Academic journal article Cosmos and History: The Journal of Natural and Social Philosophy

A Meaningful Life in a Meaningless Cosmos?: Two Rival Approaches

Academic journal article Cosmos and History: The Journal of Natural and Social Philosophy

A Meaningful Life in a Meaningless Cosmos?: Two Rival Approaches

Article excerpt

Abstract: This paper discusses the ancient problem of meaningful life. Given the amount of evil and absurdity in the world around us, how can human life be experienced as meaningful? Two traditional approaches to this issue are identified and critically discussed: the life of action and the life of contemplation. It is argued that none of these can resolve the problem in a satisfactory manner. Finally, the notion of guilt is briefly taken up as one potential source of meaning (or of the fact that life can genuinely lack meaning and that this lack can be experienced as a loss).

Keywords: Meaning in/of life; Action; Contemplation; Evil; Guilt; Wittgenstein; Nagel



We all seek meaning in our lives. While the meaning of life may be hopeless to find, at least if it denotes an all-encompassing, overarching meaning of one's life as a whole, meaning(s) in life may, we are entitled to hope, be available in careful philosophical reflection and evaluation. (1) The meaning of life might, for instance, be regarded as the function of a design constructed by someone else than us, presumably by an external God who created us and thereby provided our lives with meaning. If so, there is little hope in the search for the meaning of life in the absence of theistic commitments, unless one attaches some kind of a mystical metaphysical significance to the natural order of things as a totality. The meaning (or meanings) in life, by contrast, invokes the committed perspective of an agent always inevitably situated within her/his life; to experience life as meaningful is to perceive certain specific meanings in one's life. Thus, meaning in life is as much constructed as found; it must be literally made through one's living one's unique life. No external Creator or Designer is required for this process of meaning-construction to take place.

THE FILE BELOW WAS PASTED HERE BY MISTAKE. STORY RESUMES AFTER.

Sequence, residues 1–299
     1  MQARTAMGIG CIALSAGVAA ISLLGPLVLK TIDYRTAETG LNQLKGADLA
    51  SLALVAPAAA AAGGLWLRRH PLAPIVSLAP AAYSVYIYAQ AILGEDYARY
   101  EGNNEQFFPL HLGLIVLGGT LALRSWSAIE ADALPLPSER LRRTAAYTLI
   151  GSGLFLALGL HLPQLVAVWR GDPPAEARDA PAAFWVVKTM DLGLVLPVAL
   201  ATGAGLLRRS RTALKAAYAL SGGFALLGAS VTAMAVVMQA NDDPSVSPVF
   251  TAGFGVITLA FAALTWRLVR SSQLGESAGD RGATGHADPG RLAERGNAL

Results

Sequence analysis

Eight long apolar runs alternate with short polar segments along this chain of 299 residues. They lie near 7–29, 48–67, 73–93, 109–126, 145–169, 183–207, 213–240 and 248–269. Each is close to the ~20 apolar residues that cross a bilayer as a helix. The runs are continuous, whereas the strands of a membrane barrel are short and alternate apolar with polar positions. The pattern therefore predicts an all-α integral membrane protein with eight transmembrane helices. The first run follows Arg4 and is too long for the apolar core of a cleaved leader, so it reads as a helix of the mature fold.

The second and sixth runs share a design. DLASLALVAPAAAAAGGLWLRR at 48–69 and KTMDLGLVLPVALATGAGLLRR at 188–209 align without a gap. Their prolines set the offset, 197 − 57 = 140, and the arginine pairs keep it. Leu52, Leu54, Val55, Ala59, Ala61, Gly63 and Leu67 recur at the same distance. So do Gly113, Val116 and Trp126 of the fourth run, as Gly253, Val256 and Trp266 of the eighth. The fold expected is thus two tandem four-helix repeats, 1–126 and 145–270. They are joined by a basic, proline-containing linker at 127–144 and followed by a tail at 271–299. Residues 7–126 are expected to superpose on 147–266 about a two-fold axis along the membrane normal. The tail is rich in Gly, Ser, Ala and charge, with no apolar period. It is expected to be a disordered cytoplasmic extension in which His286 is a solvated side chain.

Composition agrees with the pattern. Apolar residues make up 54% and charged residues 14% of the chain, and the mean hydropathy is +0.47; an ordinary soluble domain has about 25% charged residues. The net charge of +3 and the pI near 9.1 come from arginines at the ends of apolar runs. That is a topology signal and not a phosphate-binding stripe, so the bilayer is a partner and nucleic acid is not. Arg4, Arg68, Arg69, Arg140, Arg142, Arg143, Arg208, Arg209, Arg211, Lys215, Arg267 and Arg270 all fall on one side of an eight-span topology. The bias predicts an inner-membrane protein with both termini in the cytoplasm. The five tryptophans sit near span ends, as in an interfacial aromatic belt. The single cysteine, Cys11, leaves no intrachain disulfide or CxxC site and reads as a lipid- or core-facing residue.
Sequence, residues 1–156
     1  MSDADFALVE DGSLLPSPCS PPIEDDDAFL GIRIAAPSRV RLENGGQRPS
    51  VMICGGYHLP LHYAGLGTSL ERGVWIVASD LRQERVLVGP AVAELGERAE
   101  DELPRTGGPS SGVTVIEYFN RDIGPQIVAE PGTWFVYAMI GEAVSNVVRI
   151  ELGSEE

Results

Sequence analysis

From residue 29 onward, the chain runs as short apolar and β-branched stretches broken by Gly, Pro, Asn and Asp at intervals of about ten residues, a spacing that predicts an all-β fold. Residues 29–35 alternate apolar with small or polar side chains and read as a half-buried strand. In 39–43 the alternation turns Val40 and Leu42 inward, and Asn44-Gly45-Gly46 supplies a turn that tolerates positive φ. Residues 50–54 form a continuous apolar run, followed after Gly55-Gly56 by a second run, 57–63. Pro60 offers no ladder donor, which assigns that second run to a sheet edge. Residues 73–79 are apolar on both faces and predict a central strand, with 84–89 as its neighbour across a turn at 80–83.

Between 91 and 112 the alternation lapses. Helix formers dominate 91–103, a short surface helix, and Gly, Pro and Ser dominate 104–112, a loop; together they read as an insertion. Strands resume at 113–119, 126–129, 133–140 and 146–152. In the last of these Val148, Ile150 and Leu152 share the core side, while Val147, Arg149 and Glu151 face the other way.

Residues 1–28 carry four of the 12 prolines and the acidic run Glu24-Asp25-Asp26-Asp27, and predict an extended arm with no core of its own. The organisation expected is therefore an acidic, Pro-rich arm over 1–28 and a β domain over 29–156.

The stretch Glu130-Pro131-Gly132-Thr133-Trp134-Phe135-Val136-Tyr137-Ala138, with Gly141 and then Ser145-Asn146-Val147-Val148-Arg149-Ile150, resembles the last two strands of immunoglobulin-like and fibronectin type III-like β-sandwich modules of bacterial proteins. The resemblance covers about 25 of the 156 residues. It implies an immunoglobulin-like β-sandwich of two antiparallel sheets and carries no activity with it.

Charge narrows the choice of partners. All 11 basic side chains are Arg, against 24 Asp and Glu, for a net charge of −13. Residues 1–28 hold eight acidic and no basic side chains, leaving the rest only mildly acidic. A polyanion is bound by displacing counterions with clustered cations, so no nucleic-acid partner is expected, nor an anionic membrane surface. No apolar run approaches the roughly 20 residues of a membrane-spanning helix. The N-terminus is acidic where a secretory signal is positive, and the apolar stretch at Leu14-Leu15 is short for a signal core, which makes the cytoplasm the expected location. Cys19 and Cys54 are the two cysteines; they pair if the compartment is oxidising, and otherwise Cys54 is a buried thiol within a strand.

My aim in this paper is not to settle the age-old dispute between theism and atheism but to examine a fundamental challenge to the possibility of viewing human life as meaningful (even in the "meaning in life" sense). This challenge, very simply, arises from the amount and intensity of evil and suffering we cannot fail to notice in the world around us--and it is a challenge not only for those who must, sadly, undergo such suffering but for everyone else as well. How could human life in this miserable world be (experienced as) meaningful? More precisely, given the unbelievable sufferings of our fellow human beings, how could our experiences of meaningfulness, or the meanings we claim to construct by living through our lives, be anything but illusory? The cosmos does not seem to care for our aspirations at all; in particular, it could not care less for our search for meaning. Is the concept of meaning even applicable to, say, the life of someone who recognizes that some of her/his fellow humans have gone through Auschwitz? Can the process of constructing meaning in and through life even get started in such a person's life? It is, after all, meaningless suffering that is usually presented as a fundamental challenge for the value of life, and hardly anyone can deny that the world as we know it is full of meaningless suffering. (2) This is one way of saying that the cosmos, as we limited humans experience it, seems to be fundamentally meaningless.

The search for meaning in life, and the attempt to understand and live with (apparently meaningless) evil, is both metaphysical and ethical. As Susan Neiman puts it in her important book on evil in modern philosophy, "[w]e ask about the point of making theoretical sense of the world when we cannot make sense of misery and terror". (3) Do we have to "deny philosophy" if we take evil seriously, admitting that it cannot, and perhaps even should not, be theoretically analyzed? (4) These worries go to the heart of the problem of justifying a theoretical, intellectual, or contemplative attitude to life--an attitude that seems to underlie the very issue of the meaning of/in life. …

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